A fiancé visa allows a British citizen or a person with the UK settled status to bring their non-EEA fiancé to join them in the UK with the intention of getting married within the six months period of the visa. Fiancées and proposed civil partners have a special regime found within the Partner route in Appendix FM. Following the marriage ceremony, a stay in the UK can be extended with an application for Further Leave to Remain.
UK Fiance Visa requirements
The requirements that an applicant and a sponsor must meet to be eligible for a fiance visa are
- You qualify as partners meaning you intend to marry
- Either of you must not be a party to another marriage/civil partnership at the date of application
- You must apply for entry clearance meaning Fiancées cannot apply from within the UK
- You must be seeking entry to the UK to enable your marriage or civil partnership to take place within six months of arriving here and must marry within the six months or show good reason why this did not happen (and confirming marriage will take place within the next six months)
- The applicant has a good knowledge of English
- You meet the Fiancé/Fiancée visa UK financial requirements to prove you can financially support yourself and your dependents. This is a minimum requirement of £18,600
The applicant will receive up to six months’ entry clearance with no recourse to public funds and no permission to work. The applicant is not required to cohabit following his/her arrival pending their marriage to their fiancé/sponsor.
Furthermore, the applicant must clock up the full 60/120 months of leave before applying for settlement after their initial period of fiancé(e) leave. Meaning the time spent in the UK as a fiance does not count towards an application for settlement.
For example – Rohan is in the UK as a Tier 4 student. He falls in love with Alexandra, a British citizen. They swear lifelong loyalty to one another and become engaged. They do not wish to marry for at least a year in order to explain things to their families. Rohan wants to know whether he can remain in the UK with Alexandra on a long-term basis.
As things stand, there is a difficulty. Firstly fiancés can only enter the UK by seeking entry clearance. If the couple marry within the period of his existing leave, then there would be no difficulty in seeking leave to remain. Rohan should make the trip abroad to seek entry clearance to return here, and they would then have to time his return and their marriage arrangements such as to secure the wedding within that period of fiancé leave, i.e. within 6 months of his arrival in the UK.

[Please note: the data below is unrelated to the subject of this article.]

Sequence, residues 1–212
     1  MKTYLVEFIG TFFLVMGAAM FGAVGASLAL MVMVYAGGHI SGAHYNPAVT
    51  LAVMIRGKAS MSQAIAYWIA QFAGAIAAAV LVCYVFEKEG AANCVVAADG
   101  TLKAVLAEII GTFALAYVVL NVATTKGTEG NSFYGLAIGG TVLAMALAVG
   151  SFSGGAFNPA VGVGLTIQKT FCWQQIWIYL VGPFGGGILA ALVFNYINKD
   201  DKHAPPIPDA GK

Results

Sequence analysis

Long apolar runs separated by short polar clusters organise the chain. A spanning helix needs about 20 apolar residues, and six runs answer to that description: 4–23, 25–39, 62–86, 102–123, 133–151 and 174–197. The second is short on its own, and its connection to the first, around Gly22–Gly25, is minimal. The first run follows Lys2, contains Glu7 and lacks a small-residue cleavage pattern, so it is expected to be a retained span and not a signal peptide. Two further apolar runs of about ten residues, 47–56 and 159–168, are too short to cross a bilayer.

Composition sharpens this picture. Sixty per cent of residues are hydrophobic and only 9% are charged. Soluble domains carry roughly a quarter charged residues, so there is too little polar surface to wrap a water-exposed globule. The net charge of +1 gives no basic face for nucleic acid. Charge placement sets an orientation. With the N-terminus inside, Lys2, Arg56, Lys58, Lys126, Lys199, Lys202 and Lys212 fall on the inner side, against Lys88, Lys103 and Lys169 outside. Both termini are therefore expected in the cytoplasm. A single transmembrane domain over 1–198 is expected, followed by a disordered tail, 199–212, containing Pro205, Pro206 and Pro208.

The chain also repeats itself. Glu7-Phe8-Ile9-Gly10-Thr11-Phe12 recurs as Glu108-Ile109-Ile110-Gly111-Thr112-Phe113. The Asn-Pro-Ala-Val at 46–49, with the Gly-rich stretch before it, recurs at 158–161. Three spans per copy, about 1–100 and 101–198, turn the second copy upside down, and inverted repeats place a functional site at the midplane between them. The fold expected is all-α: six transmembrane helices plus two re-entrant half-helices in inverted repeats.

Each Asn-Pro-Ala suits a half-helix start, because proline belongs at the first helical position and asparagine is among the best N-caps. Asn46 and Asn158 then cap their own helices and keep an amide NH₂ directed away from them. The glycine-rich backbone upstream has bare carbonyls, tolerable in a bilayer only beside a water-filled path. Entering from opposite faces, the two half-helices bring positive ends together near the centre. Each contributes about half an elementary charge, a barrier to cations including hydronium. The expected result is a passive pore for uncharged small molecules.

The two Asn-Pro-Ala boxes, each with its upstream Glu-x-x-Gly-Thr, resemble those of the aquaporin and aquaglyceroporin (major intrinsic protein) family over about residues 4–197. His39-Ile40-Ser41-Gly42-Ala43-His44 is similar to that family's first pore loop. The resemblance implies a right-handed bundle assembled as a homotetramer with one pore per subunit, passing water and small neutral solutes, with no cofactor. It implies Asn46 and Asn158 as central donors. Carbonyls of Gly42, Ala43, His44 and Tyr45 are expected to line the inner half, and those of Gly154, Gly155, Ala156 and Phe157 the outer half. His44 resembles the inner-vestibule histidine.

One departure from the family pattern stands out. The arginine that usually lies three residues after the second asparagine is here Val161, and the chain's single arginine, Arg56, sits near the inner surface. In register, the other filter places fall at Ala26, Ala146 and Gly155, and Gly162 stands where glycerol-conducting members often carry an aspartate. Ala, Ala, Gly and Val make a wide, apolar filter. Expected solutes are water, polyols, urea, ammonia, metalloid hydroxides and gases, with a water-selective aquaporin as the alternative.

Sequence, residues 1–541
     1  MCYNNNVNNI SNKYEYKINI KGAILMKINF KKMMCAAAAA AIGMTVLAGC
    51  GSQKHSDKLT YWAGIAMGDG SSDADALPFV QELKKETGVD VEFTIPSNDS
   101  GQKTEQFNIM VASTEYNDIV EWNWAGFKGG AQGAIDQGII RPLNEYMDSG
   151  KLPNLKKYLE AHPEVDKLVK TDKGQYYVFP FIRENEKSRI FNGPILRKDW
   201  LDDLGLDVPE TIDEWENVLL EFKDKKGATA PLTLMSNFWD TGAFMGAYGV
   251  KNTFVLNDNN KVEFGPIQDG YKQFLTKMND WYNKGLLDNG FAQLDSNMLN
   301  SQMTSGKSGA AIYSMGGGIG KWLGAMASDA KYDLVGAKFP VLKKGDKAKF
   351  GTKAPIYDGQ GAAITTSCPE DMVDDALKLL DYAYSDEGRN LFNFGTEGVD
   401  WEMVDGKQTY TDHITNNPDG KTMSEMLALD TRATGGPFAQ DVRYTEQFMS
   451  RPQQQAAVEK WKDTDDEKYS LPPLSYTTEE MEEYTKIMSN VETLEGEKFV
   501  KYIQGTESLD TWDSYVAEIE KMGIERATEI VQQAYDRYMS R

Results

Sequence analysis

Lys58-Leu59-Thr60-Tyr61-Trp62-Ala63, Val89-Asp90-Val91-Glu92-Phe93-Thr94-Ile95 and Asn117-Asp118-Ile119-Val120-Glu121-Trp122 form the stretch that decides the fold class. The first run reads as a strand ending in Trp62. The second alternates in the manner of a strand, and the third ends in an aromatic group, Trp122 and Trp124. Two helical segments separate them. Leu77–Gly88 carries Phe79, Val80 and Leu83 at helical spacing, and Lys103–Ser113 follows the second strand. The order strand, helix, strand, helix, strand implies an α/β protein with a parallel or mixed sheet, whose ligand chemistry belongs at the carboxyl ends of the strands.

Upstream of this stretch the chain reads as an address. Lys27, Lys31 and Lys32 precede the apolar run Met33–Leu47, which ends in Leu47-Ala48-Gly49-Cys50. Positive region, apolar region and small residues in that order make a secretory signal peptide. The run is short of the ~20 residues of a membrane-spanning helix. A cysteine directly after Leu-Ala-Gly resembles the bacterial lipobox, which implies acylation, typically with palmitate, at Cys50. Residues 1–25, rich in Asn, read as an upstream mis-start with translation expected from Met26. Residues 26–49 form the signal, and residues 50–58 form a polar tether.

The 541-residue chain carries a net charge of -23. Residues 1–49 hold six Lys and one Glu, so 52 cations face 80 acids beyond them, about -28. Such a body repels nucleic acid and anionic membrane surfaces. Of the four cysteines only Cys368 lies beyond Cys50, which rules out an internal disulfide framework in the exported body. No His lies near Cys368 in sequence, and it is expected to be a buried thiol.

How to get married on a UK fiance visa
At one time there was a requirement to seek permission from the Secretary of State to get married in the UK (the notorious ‘certificate of approval’ scheme) if one was subject to immigration control. However, no longer: the courts struck the requirement down. The following are the mandatory steps for marrying in the UK:
- You must decide where to have your marriage or civil partnership ceremony. You can choose to have either a religious ceremony or a civil ceremony if you’re getting married. If you’re forming a civil partnership you cannot have a religious ceremony.
- Religious ceremonies:
- A religious wedding can take place at any registered religious building.
- An authorised person, such as a religious minister, must attend the ceremony and register the marriage.
- Civil ceremonies – You can have a civil ceremony at:
- a register office
- any venue approved by the local council, for example, a stately home or hotel
- You must have at least 2 witnesses at the ceremony.
- A registrar must carry out, or be present at, your ceremony. You can book a registrar yourself or the venue may do this for you.
- Religious ceremonies:
- Once you have decided where to marry, a 29-day notice to marry must be given at the local marriage registry office. To give notice, you’ll sign a legal statement at your local register office saying you intend to get married or form a civil partnership.
- If you or your partner is from outside the EU, EEA or from Switzerland you need to give notice together at a designated register office. The immigration authorities at the Home Office will be told. If this happens you may need to wait up to 70 days before getting married or forming a civil partnership.
- Both parties will need proof of their name, age and nationality, details of the final venue for the marriage ceremony, proof of any name changes, proof of address and proof of Immigration status.
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Frequently asked questions
This will vary depending on your circumstances, some of the supporting documents you will need to provide are:
Evidence that you will get married within 6 months of arriving in the UK
official evidence that your and your partner’s previous marriage(s) broken down permanently
2 recent passport photographs and your passport
Proof of age and your partner’s age
Proof that you intend to marry or register your partnership
Proof that you both have met
Proof that you intend to live together permanently after you have married
Proof of English language ability
Proof that you meet the financial requirement
Supporting letters from friends and family
Personal statements from the applicant and partner
You will have to apply for a fiance visa which grants entry of up to six months during which time you are required to marry your fiance in the UK. After the marriage has taken place, you can apply for a spouse visa from within the UK. The spouse visa will allow you to live and work in the UK for up to 30 months. Thereafter you will have to apply to extend your spouse visa for another 33 months.
The minimum income threshold is £18,600. If non-British dependants are applying with you, this threshold will increase.
The Home Office application fee for a fiance visa to the UK for applications submitted outside the UK is £1,523.